From hacky-sack to a 15-inning game, softball narrowly loses at NCAA regionals

| Managing Sports Editor

Head coach Michelle Venturella pays her infield a visit during the team’s matchup against the Emory Eagles on their home field. (Photo by Clara Richards / Student Life)

This past weekend, the Washington University softball team played 36 innings over three days as it competed for a regional title and a chance to proceed to the super regionals round of the NCAA tournament. 

They also played a lot of hacky-sack. 

They played in the airport, attracting some suspicious side-eyes from fellow passengers. They played in the hotel, bringing the ball out whenever they had a spare minute. And after a 15-inning marathon of a game on Saturday, which they narrowly lost 4-3, they didn’t just toss a softball in the time before their next game. Instead, the team got in a circle and played hacky-sack again. After focusing for three hours and thirty four minutes, the “hackying” allowed them to relax, take a mental break and regroup for the winner-take-all second game.

The hacky-sack didn’t magically give them the victory later that afternoon, where they battled against Bethel University to lose 6-5 in another tight matchup. It didn’t suddenly make the long bus ride home from Minnesota any easier. But the ability to decompress as a team — to get out of the dugout and spend time together — represents how this team sticks together throughout the positives, the negatives and everything between.

“Of course, it hurts when you give it your all, and you still fall short. But we did it together,” said rising junior Ashley Kennedy. “We all fought so hard and played with our hearts. So it’s a bittersweet thing. Because while we did fall short — and it could have just easily gone the other way — we can walk away knowing that it’s something to be proud of.”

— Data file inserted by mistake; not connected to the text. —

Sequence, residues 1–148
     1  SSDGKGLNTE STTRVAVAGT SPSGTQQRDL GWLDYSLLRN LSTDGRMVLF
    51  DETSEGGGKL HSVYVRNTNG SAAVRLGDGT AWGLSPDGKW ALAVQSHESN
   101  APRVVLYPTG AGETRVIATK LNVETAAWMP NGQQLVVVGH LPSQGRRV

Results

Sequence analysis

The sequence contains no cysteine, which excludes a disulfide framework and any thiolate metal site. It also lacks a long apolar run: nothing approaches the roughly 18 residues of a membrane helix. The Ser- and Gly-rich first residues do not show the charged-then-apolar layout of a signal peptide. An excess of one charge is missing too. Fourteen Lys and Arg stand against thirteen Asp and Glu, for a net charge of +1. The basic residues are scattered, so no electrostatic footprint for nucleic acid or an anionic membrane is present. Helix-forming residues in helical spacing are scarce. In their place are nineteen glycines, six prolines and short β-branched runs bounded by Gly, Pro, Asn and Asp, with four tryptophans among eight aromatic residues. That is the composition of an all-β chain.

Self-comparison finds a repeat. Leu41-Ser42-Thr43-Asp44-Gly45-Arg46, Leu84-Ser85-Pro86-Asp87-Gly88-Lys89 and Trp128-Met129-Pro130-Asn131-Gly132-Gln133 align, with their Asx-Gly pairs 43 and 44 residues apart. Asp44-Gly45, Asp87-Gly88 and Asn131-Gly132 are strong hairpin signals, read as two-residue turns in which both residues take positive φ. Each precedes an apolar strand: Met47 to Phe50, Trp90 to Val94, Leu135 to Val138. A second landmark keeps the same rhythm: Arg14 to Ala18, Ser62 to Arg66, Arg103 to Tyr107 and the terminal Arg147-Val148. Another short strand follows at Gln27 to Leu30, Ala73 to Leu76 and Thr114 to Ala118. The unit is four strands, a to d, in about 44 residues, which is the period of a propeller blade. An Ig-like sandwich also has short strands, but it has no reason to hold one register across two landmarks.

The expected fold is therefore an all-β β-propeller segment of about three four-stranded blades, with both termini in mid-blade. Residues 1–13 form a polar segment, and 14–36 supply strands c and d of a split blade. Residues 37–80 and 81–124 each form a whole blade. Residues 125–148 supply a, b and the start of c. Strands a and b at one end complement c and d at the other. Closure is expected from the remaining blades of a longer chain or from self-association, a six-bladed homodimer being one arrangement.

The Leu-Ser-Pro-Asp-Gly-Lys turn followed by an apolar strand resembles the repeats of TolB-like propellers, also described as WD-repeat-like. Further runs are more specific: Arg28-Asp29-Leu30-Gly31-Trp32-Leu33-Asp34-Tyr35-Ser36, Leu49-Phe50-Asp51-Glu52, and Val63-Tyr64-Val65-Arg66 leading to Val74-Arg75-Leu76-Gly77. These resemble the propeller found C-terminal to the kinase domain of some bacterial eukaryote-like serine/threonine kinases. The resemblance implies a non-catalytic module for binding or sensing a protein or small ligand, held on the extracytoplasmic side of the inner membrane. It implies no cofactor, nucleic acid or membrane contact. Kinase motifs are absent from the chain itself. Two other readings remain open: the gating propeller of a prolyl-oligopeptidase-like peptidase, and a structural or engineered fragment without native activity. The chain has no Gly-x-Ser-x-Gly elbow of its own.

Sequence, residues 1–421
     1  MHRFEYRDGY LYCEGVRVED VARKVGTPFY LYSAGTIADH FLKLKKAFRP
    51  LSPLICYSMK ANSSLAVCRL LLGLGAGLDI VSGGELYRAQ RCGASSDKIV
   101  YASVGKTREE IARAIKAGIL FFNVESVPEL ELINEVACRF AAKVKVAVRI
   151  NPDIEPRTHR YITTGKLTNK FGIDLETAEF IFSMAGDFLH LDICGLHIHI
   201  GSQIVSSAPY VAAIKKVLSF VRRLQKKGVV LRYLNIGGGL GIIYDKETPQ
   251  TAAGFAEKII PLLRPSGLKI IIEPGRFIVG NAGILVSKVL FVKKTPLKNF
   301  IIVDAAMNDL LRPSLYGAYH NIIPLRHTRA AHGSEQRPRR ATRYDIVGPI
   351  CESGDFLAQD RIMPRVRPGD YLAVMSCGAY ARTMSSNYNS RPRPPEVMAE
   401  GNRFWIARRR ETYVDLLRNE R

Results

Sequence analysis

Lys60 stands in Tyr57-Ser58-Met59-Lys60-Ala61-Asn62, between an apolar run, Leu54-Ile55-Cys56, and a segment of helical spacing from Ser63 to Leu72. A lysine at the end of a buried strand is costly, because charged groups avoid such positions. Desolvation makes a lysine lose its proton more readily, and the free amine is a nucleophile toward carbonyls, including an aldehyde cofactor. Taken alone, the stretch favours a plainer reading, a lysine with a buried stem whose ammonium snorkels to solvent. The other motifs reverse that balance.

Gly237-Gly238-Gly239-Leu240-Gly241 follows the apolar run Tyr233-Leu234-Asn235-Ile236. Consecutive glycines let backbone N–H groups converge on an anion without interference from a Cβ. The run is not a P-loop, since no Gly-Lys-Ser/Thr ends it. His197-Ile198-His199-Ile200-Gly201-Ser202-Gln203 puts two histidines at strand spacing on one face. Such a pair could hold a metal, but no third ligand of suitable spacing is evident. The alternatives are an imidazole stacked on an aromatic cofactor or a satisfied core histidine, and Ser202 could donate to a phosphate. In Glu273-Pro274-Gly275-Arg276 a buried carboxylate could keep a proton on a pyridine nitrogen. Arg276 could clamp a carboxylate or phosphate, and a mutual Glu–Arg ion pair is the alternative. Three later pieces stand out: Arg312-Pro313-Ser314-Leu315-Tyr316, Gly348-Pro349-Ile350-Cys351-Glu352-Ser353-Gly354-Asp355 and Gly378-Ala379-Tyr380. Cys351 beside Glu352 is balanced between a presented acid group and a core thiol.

This weekend represented the first NCAA appearance for the team since 2017. The team’s success can be attributed to a few things: for one, the Bears had a strong lineup of pitchers, from experienced upperclassmen to new underclassmen. The experience of the senior class also benefited the team’s batting, with hitters like Katie Gould and Tami Wong anchoring the lineup.

The first game showcased the strength of the program with a 7-0 blowout victory against Buena Vista. Pitcher Holly Stoner set the tone for the team, and their defense was impermeable to Buena Vista’s efforts at the plate. Wong led the team with three RBI off of two hits, and Gould landed three hits from five at-bats.

In the team’s Saturday game, the Bears narrowly beat Bethel University 2-1. Gould went 2 for 2, and Wong and Natalia Pilpil each had one RBI. Madison Denton pitched the win, again highlighting the dependability of the senior class.

At the conclusion of Saturday’s play, the team didn’t entirely know which opponent they’d face from the loser’s bracket, but head coach Michelle Venturella’s message to the team was unchanged regardless. No matter who they were playing, they’d show up and take care of the things they could control. “The team was all in, all the time; this group was willing to do whatever it took to help the team succeed,” Venturella said. “When you have that kind of mindset, and that kind of culture, good things happen.”